There is a new leadership movement afoot that is subtle, inner-directed and transparent. It’s called transpersonal leadership.
The term “transpersonal” refers to trans, meaning “to go beyond,” and personal, which refers to the ego. This new leadership style places emphasis on transcending the ego. At first glance, it doesn’t appear to be a big shift in the leadership paradigms frequently touted; however a person’s ego can get in the way of making effective decisions and typically doesn’t readily relinquish power. So, transcending the ego is not as easy as it might seem.
The ego serves as a person’s conscious identity. It circumscribes the way people see and understand themselves. It is a psychic construct that includes a vast array of inner proscriptions and defensive behaviors that form an armory against life’s ups and downs. Over our lives we have fought hard to establish our egos and it requires great self-awareness and courage to be vulnerable and humble enough to set them aside.
Transcending the ego doesn’t mean doing away with it. Rather, it means being aware of one’s messy, self-seeking, fearful, and often compulsive motivations, and instead, taking a broader perspective or moral high road.
Transcending the ego means operating from a deeper awareness that all things are interconnected, when experiencing a beautiful sunset or a soul-stirring piece of music, for example. During these transpersonal moments, a person transcends his or her self-consciousness and “what is in it for me” motivations.
The good news is that people can train themselves to have more of these transpersonal experiences in their lives. The essence of this training lies:
1. In developing greater self-awareness through self-examination, self-reflection, mindfulness and meditation;
2. Consciously living one’s values and explicitly looking for opportunities that feed one’s soul;
3. Actively cultivating one’s conscience and establishing inner guidelines that direct one’s self-determination;
4. Practicing openness and curiosity rather than being reactive and judgmental; and
5. Continuously seeking out opportunities for personal development, especially inner development. (Developing a growth mindset, understanding one’s own deepest motivations, and finding a transcendent purpose in life.)
Educating leaders to become transpersonal leaders is the mission of an international organization, LeaderShape Global, which has operated since the early 2000s and has a network of trained faculty and associates who promote their curriculum to thousands of managers and leaders. This curriculum, described in the book, “Leading Beyond the Ego,” lays out the journey of how to become a transpersonal leader. Training focuses on self-awareness and lays out a plan to create a performance-enhancing, caring and sustainable organization.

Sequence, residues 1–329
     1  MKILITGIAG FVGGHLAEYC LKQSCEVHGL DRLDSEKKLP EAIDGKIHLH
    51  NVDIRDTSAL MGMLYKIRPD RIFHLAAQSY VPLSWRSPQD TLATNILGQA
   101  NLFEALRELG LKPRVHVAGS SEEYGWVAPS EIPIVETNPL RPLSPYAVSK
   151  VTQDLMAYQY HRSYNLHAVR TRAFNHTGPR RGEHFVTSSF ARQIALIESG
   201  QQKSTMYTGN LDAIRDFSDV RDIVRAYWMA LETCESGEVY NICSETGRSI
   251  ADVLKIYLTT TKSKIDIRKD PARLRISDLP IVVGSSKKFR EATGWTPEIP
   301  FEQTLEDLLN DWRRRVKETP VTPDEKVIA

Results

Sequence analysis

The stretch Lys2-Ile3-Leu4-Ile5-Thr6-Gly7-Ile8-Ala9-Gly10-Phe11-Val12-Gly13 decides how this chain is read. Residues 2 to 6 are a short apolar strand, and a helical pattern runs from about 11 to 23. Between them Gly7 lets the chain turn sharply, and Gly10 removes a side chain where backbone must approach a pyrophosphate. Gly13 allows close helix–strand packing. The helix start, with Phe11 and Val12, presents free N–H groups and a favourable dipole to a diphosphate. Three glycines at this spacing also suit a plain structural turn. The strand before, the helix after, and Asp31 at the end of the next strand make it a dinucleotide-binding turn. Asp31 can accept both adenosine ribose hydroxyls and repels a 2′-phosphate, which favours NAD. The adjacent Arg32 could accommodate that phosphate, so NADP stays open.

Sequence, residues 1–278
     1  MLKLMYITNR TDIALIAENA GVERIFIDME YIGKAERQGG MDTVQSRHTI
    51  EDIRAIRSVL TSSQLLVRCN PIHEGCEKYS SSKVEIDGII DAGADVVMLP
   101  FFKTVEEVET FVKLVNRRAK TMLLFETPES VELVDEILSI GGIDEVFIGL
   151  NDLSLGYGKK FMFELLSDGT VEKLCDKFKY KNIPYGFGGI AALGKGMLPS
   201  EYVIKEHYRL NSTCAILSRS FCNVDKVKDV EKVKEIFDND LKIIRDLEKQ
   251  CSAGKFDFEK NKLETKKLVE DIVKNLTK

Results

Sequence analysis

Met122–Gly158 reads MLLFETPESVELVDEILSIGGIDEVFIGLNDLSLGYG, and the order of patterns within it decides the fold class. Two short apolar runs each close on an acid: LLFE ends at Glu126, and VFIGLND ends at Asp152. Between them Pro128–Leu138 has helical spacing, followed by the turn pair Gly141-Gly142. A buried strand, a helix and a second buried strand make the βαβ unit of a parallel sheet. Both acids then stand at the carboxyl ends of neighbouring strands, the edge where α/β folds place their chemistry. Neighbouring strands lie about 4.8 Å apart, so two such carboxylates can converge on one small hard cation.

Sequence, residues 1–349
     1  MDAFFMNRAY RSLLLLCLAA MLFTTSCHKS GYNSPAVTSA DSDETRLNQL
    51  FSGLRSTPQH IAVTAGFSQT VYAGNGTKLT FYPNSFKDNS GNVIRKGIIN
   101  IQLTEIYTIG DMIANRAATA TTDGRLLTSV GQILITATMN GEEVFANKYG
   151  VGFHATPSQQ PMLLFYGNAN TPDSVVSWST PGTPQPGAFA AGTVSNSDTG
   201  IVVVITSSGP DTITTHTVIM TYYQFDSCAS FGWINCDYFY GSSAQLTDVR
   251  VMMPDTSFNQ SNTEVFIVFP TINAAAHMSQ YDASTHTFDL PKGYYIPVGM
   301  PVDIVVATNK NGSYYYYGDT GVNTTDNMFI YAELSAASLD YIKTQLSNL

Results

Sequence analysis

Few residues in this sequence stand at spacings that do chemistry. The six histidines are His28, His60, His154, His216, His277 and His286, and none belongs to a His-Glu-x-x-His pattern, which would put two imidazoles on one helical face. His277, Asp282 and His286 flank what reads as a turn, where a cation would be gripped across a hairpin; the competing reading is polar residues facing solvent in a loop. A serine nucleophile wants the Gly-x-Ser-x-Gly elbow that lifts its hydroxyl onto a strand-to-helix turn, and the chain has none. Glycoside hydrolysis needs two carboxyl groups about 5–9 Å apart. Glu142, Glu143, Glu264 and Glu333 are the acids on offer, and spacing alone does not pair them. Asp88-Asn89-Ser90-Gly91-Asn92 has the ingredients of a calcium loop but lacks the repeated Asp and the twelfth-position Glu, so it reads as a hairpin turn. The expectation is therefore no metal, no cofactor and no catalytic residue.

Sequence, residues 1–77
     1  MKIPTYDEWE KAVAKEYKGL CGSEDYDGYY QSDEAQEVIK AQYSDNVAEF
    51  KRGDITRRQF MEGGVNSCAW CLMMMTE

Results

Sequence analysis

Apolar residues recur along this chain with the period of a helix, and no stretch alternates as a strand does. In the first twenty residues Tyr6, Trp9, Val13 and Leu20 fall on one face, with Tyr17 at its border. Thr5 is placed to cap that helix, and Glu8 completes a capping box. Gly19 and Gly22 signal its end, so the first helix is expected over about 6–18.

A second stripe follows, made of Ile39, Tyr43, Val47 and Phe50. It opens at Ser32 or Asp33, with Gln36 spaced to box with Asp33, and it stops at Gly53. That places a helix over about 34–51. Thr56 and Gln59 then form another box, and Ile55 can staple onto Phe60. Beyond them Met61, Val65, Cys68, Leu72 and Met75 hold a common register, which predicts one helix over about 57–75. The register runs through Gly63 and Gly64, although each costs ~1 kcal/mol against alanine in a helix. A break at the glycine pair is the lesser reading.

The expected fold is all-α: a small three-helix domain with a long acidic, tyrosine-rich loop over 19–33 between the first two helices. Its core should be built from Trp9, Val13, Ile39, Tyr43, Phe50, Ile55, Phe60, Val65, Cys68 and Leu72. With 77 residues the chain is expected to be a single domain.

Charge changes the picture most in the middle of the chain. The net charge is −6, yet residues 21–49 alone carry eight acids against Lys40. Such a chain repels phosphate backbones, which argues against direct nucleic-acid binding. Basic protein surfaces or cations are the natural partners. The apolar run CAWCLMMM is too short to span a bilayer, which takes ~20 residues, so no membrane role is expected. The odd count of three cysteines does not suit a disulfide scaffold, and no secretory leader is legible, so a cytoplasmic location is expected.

The aim of this movement is to foster a worldwide cadre of radical, ethical and authentic leaders intent on advancing the greater good of humankind.
Transpersonal leadership integrates the intellectual, emotional and spiritual intelligences. It is based on enabling leaders to transcend their egos and make decisions from higher levels of ethical and cognitive maturity. Transpersonal leaders are encouraged to be both radical and authentic, acting on rigorously tested values and deeply held ethical principles that inform a strongly developed conscience.
The underlying questions for transpersonal leaders are: “Who am I?” and “What will I do with who I am?” Clearly, these questions demand extreme personal self-accountability and ethical responsibility. Role modelling beyond the ego behavior and caring for others through coaching and personal development are distinctive characteristics of this leadership style.
Annabel Beerel, PhD, MBA, is an ethical leadership consultant and the Massachusetts and NH representative of LeaderShape Global. For more, visit annabelbeerel.com.